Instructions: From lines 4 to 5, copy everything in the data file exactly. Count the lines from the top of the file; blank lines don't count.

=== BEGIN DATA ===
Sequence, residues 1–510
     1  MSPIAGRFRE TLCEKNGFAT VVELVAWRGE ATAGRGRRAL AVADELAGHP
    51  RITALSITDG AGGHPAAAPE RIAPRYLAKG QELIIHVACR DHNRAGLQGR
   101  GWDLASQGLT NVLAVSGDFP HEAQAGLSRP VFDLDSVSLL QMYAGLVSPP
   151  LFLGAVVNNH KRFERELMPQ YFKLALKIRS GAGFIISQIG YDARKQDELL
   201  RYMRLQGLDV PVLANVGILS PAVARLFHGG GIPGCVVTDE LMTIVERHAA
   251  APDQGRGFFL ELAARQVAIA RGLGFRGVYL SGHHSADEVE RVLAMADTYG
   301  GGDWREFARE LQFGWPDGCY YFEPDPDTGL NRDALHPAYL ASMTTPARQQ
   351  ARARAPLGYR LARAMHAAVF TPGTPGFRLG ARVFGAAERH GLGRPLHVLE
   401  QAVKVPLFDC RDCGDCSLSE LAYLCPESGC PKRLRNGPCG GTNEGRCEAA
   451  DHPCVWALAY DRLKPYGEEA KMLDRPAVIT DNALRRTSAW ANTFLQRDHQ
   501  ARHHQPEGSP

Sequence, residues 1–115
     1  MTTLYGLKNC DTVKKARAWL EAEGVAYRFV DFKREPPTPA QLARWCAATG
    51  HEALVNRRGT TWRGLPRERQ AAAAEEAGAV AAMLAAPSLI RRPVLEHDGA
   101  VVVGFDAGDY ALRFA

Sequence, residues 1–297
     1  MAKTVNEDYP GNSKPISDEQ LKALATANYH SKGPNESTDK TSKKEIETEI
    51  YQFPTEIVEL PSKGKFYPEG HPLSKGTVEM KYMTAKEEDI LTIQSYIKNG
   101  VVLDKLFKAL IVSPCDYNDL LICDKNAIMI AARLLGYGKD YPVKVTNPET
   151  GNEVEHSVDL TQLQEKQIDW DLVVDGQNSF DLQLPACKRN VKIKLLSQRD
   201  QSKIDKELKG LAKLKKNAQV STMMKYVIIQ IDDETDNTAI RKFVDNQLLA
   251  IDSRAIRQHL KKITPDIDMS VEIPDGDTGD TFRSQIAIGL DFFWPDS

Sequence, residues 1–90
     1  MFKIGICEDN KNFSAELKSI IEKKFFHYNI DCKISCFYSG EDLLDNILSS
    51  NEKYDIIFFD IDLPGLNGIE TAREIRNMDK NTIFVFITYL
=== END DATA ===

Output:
   101  GWDLASQGLT NVLAVSGDFP HEAQAGLSRP VFDLDSVSLL QMYAGLVSPP
   151  LFLGAVVNNH KRFERELMPQ YFKLALKIRS GAGFIISQIG YDARKQDELL